Thursday, September 27, 2012


Horror anthology films are a cool idea in theory that almost never succeed in practice. They carry with them a strange sense of hope--if one short film doesn't entirely work, the next one just might. Personally, I've got a soft spot for horror anthologies in general, and '80s anthologies like Creepshow and Twilight Zone: The Movie in particular, but I'll admit that the results in even these sentimental favourites are wildly uneven. The new anthology V/H/S is a fun and well-intentioned attempt to meld the spirit of those movies to the current found-footage horror craze (with a retro-sounding title thrown in for good measure), but while there's something to enjoy in each of the five segments (six if you count the wraparound segments, directed by Simon Barrett) none of them is fully successful.
A framing sequence called "Tape 56", itself composed of shaky camcorder footage, sets up the premise. A group of criminals who specialize in uploading their antisocial activities onto the Internet are asked to break into a house and steal a particular video tape, having been told by their employer that they'll " know it when they see it". Turns out the house is filled with unlabeled VHS tapes, as well as a dead (or is he?) old guy seated in front of a staticky TV set. The gang watches tape after tape in search of the right one, uncovering one macabre tableau after another while things in the house begin to get weirder and weirder.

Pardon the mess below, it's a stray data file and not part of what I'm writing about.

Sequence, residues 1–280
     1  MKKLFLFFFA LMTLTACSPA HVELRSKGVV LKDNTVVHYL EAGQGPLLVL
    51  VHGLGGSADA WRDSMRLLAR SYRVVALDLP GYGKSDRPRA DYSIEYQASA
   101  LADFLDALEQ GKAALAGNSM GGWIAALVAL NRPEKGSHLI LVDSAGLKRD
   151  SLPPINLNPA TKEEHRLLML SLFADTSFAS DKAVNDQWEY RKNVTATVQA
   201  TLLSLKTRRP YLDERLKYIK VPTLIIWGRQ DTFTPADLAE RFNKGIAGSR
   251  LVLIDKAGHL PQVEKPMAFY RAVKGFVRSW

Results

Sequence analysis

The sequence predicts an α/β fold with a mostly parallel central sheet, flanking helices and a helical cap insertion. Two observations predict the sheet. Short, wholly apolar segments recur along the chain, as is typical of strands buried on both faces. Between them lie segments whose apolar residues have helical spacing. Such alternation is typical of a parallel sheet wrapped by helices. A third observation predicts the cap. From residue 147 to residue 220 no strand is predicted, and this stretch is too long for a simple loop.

The first film, "Amateur Night", follows three unlucky douchebags who outfit one of their number with camera-equipped glasses, for the purpose of picking up strange girls in a bar and recording the sexy results in a nearby hotel room. Directed by David Bruckner, the film builds to a predictable twist, but is carried off by imaginative effects and an effective performance by leading lady Hannah Fierman. Next up is "Second Honeymoon", from director Ti West (House of the Devil, The Innkeepers), a tale of a vacationing couple being trailed by a mysterious girl. I have a lot more patience for West's slow-burn style than most, but other than a creepily voyeuristic interlude that recalls the opening shot of Manhunter, it's pretty dull stuff and probably the weakest of the bunch. Thankfully, it's followed by the best installment, Glenn McQuaid's "Tuesday The 17th", a slasher-in-the-woods riff that has some good shocks and the nifty gimmick of a killer who can't be videotaped (all that shows up are tracking lines in the rough shape of a man). Joe Swanberg's "The Sick Thing That Happened To Emily When She Was Younger" is told in the form of Skype messages between a med student and his girlfriend, who claims to be menaced by ghostly children in the night. A couple of effective scares and an imaginative storytelling device can't make up for the confusing wrap-up, though. And the last film, "10/31/98" (from four directors collectively known as Radio Silence) is probably the most visually ambitious of the group. A gang of dudes on their way to a Halloween party end up at the wrong address and wind up barging in on a ritual sacrifice, unleashing a very real house of horrors as a result.
It could be that V/H/S's biggest failing is that its framing sequence is kind of a dud. We never do learn who wanted the mysterious tape, or what was supposed to be on it (is it one of the ones we in the audience get to see or isn't it?), and what exactly happens to the would-be thieves is unclear. Still, I'd rather sit through an ambitious failure than another in the seemingly endless string of exorcism thrillers that don't seem to be going away any time soon. Ambition trumps repetition every time, which makes the flawed-but-fun V/H/S worth a rental at the very least.

1 comment:

Shawn McLeod said...

I had the same thoughts. Imperfect but ambitious. An enjoyable experience.